If you want an idea of just how attractive China is to OEMs, look no further than Huawei. The company, which is almost wholly focussed on the Chinese market, announced their unaudited earnings for 2013 yesterday. Profits are way up, and their growth goals are right on target. This from a company that has withdrawn from the most lucrative market for consumer devices, and instead looks to an emerging China for answers.
Huawei is finding those answers, too. Though we know them best for accusations of espionage, Huawei is much more than a smattering of low-end smartphones. They actually make quite a bit of telecom equipment for cellular towers and antennas, which is a prime point of growth for China’s future. As the company expands its network and data speeds, Huawei is in a good position to be a leader to provide hardware. That’s all prospective, though. Their recent earnings speak to a more direct relationship with consumers.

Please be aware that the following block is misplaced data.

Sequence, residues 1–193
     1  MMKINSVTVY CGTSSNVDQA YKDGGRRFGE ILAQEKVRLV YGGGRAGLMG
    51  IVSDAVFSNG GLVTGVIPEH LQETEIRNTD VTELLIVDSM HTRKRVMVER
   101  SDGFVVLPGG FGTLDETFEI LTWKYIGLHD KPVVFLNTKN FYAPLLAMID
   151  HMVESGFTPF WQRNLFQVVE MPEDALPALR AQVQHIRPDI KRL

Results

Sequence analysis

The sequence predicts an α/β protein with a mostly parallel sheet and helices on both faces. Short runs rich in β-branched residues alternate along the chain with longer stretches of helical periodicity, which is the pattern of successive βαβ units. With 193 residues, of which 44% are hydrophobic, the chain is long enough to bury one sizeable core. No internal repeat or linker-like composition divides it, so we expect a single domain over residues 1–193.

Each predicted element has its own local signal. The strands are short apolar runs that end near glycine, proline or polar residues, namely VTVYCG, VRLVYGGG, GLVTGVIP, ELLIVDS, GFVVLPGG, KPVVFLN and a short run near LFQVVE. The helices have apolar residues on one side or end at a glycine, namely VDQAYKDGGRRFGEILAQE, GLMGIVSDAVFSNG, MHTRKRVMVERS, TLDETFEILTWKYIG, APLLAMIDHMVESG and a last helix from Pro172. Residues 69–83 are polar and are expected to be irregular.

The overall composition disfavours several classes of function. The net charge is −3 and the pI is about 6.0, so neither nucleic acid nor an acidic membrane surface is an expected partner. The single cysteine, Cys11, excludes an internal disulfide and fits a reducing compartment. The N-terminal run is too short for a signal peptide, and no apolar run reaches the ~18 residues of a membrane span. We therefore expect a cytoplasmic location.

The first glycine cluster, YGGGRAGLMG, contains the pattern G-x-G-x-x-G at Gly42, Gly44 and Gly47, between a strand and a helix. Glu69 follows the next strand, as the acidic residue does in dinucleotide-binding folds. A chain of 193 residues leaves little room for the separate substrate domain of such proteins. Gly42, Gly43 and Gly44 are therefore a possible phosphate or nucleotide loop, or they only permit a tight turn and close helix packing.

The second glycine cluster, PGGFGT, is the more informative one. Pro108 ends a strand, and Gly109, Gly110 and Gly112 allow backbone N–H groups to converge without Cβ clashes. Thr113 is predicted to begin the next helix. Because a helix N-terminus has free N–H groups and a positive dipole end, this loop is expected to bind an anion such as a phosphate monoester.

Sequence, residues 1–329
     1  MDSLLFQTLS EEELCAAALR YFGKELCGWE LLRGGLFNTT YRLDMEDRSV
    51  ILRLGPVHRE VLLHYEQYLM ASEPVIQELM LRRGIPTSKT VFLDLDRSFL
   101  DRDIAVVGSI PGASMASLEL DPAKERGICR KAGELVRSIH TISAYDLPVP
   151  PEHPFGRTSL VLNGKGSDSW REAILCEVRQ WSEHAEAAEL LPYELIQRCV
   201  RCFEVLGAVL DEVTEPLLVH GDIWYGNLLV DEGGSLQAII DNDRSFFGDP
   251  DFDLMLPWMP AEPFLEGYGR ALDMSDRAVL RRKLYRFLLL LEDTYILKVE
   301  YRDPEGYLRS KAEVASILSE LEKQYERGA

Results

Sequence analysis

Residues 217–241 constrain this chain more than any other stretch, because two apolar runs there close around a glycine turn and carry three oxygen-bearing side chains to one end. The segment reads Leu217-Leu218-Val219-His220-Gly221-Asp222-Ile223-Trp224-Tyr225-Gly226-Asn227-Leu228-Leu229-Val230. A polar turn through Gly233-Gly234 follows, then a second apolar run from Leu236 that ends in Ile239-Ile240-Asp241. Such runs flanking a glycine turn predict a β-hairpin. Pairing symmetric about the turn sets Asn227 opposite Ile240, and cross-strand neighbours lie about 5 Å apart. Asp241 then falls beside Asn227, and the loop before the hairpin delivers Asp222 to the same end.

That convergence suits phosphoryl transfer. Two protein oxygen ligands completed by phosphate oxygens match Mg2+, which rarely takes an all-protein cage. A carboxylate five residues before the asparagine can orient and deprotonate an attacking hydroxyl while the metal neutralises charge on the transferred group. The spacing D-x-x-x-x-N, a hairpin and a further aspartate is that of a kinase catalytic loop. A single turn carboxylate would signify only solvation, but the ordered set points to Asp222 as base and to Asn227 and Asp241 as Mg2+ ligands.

Huawei’s consumer device sales accounted for 23% of their overall revenue, up from 22% in 2012. Ttoal revenue was 240 billion Yuan, or nearly $40 billion. Unaudited revenue grew 8%, which is close to their internal goal of 10%, an annual goal they have for the next five years. Operating profit also grew slightly, rising to 29.4 billion Yuan from 28.6 billion in 2012. Huawei plans to release audited numbers around March-April.
For the #3 smartphone manufacturer in the world, these are excellent results. Couple their impressive sales of smartphones last year — 52 million devices shipped — with their resistance to the US market, and you have a true overseas success story. At CES this year, we sat in on Huawei’s press conference. At that event, they announced the very impressive Ascend Mate 2. Though they claim it will work in the US, they clearly have no plans to bring it here. With such impressive earnings, we can see why.